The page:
Cameron Mackintosh has revealed he is reconsidering whether or not to push ahead with plans to redevelop the West End’s Ambassadors Theatre, after an “incredibly tough” experience working on the Victoria Palace Theatre.
His company Delfont Mackintosh was granted planning permission, subject to restrictions, by Camden Council in February to demolish most of the existing Ambassadors Theatre and redevelop it into a flexible 450 to 475-seat performance space, which would be renamed the Sondheim Theatre.
However, speaking at a Theatres Trust conference in London earlier this month, Mackintosh admitted he was reconsidering the project to see whether he was still able to afford it.
Mackintosh said: “I’m now having to evaluate [the Ambassadors Theatre project] very, very carefully after an incredibly tough experience with the Victoria Palace to see if I can afford it, because the thing is I’m talking about a 400-odd-seat theatre which can never make any money.
“There’s got to be a limit to the amount of money I spend on it, but I don’t know what that is yet.”
He added: “Invariably, whatever [the estimated price of the project is], you can add 25% on [that] if you’re lucky. It was much more than that at the Victoria Palace.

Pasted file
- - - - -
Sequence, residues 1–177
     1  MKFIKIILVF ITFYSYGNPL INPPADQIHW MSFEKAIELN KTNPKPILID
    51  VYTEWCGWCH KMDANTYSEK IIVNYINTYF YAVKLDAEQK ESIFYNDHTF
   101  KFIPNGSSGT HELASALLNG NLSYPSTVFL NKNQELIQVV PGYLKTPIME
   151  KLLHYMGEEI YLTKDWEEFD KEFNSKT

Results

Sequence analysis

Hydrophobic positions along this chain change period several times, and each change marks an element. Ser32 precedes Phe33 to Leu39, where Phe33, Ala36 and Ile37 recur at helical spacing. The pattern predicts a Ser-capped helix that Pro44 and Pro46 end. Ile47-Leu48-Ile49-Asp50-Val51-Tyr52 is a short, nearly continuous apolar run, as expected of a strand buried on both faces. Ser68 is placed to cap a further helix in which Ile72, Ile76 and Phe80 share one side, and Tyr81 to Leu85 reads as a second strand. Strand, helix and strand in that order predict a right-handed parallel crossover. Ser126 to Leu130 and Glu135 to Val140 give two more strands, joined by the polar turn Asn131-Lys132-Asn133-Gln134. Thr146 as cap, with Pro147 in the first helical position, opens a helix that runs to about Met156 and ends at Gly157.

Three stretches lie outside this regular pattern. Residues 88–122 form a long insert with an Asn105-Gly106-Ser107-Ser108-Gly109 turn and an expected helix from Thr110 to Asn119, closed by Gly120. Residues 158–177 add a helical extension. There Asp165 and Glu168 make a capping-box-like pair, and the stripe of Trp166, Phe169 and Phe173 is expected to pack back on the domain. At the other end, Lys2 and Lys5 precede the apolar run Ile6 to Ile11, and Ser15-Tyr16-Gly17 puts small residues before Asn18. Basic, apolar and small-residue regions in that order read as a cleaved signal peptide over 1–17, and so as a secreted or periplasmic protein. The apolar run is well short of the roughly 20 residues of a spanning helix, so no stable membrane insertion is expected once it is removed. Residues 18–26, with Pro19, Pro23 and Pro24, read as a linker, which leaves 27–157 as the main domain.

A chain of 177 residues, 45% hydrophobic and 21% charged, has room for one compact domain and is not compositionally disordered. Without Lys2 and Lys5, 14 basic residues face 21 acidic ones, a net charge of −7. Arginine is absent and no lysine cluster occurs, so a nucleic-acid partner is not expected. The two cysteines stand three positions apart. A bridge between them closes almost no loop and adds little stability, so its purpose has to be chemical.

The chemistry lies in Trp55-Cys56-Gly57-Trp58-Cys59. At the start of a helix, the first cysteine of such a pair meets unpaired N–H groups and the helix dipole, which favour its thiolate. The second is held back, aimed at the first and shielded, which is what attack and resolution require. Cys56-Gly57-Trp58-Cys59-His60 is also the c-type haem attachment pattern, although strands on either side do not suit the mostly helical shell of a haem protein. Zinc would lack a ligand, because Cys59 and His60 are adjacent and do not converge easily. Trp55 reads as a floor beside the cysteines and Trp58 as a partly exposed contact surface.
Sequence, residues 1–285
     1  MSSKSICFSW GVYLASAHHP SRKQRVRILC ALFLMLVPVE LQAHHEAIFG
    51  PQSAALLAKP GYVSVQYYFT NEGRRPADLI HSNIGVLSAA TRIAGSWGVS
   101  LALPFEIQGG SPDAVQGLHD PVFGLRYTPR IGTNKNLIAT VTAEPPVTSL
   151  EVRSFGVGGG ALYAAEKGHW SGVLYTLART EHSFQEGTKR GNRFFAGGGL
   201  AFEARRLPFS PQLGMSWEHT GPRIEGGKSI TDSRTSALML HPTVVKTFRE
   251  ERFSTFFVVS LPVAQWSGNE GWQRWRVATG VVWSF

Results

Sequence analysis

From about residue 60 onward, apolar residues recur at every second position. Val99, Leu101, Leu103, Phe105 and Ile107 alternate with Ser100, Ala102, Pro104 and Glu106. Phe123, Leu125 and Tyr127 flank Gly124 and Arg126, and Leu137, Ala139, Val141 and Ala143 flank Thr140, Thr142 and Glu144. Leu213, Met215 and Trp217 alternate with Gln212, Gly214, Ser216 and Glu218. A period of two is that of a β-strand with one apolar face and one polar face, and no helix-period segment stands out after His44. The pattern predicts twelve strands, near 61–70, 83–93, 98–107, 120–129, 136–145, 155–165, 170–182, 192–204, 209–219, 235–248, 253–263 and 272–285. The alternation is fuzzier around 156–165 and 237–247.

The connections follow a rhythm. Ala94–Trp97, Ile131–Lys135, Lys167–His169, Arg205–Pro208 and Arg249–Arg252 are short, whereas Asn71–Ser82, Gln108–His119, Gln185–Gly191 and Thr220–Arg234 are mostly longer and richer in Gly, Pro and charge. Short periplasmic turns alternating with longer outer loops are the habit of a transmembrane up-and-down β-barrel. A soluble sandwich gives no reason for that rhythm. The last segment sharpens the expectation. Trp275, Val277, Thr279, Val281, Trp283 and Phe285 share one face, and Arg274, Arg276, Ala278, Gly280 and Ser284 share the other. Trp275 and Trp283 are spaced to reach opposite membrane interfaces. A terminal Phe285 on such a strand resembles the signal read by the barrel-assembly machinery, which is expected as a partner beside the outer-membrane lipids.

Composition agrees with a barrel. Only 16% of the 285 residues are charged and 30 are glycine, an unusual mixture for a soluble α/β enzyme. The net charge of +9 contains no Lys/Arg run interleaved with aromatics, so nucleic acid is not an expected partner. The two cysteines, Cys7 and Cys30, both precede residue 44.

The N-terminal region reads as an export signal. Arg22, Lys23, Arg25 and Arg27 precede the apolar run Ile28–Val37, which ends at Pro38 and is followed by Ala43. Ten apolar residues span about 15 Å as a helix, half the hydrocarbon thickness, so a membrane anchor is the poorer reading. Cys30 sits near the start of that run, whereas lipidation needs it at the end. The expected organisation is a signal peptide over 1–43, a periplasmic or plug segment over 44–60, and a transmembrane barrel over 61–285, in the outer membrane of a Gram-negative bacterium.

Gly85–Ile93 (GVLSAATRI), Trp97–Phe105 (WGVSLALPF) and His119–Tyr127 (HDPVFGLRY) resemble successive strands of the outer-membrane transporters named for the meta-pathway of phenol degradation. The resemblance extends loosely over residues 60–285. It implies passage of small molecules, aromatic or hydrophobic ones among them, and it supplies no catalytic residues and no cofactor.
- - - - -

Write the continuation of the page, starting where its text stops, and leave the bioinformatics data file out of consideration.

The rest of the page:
“So we need to be incredibly careful. However, I’m an optimist, I would love to get that theatre open for Stephen Sondheim’s 90th birthday [on March 22, 2020], which is not that far away, so we’ll see what happens. In the next few months we’ll know.”
Mackintosh said the cost of redeveloping the Victoria Palace was “astronomical” and added: “Had I not had a lot of money from my day job I would have been in the psychiatric ward.”
Mackintosh has not yet purchased the Ambassadors Theatre from its current owner Stephen Waley-Cohen.
Waley-Cohen told The Stage: “I am aware of Cameron’s continuing interest, and of his concerns, and we continue to discuss it all.”
Plans for Mackintosh to redevelop the Ambassadors Theatre were first announced in 2015, when the aim was to complete the project by 2017.
Mackintosh’s vision would see the venue host productions from eight to 16 weeks, to give a future life to shows from subsidised venues such as the Donmar, the National Theatre’s Dorfman, and studio spaces at Sheffield Theatres and Leicester’s Curve.
However, the plans were put on hold until at least 2018 when Mackintosh announced he would be focusing on the refurbishment of the Victoria Palace Theatre.
These are not the first plans for the Sondheim Theatre. Mackintosh originally intended to build the venue in a space above the Queen’s and Gielgud Theatres as part of a £20 million development. However, these 2003 plans were shelved, and never materialised.
A spokesman for Camden Council said it was unable to comment on an existing planning application.